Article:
The unfortunate fact is that many if not all of the administrative tribunals operating in the UK, the US and elsewhere are effectively kangaroo courts where the “judges” simply rubber stamp the government’s contentions in what purports to be a fair and adversarial hearing at which both sides are considered. It is an elegant deception of the public when it is done well, where the judge pretends to listen and occasionally – rarely – sides with a serf against the government.
The problem is that institutional momentum makes people lazy and the judges stop exerting the mental effort required to keep the ruse going. They stop really listening at all, rule for the government every time no matter how ridiculous the government’s position is, and the rigged game becomes too obvious.
Then some number of the serfs – at first small in number, but this can quickly change – react in a disorderly fashion. This has apparently happened in the UK.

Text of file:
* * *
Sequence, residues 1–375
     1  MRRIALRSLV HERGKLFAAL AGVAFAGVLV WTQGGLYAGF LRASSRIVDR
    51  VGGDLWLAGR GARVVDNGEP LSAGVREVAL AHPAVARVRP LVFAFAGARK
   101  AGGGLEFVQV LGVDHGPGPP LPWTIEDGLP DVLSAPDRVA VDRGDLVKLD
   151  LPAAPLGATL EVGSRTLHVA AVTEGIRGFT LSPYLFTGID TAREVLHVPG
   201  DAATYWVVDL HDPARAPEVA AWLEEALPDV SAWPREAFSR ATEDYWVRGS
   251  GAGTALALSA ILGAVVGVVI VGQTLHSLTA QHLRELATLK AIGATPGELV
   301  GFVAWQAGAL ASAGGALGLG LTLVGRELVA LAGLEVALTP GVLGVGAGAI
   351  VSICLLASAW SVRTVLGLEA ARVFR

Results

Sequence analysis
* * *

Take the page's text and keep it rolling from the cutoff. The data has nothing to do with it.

The likelihood is that there were many instances prior to this where a lawyers’ strike, a far more orderly and targeted form of “direct action” would have provided a necessary wake up call.
Lawyers know that it isn’t just administrative tribunals and their judges that have devolved into farce. The same can be said of many courts and judges dealing with far more weighty civil and criminal matters.
Like protests in the streets, incidents like this could be considered a failure not just of the courts and judges, but of the legal profession generally. It is the responsibility of the legal system as a whole, including the lawyers, to provide enough of a social safety valve that civil unrest does not occur. At its most fundamental, even primitive level, this is what the legal system is for. In more evolved societies, we like to think it can go on from there and actually arrive at the higher values like truth and justice.
Which is, of course, impossible when you don’t believe in those things. Ironic that unruly mobs, whatever their other drawbacks, disagree.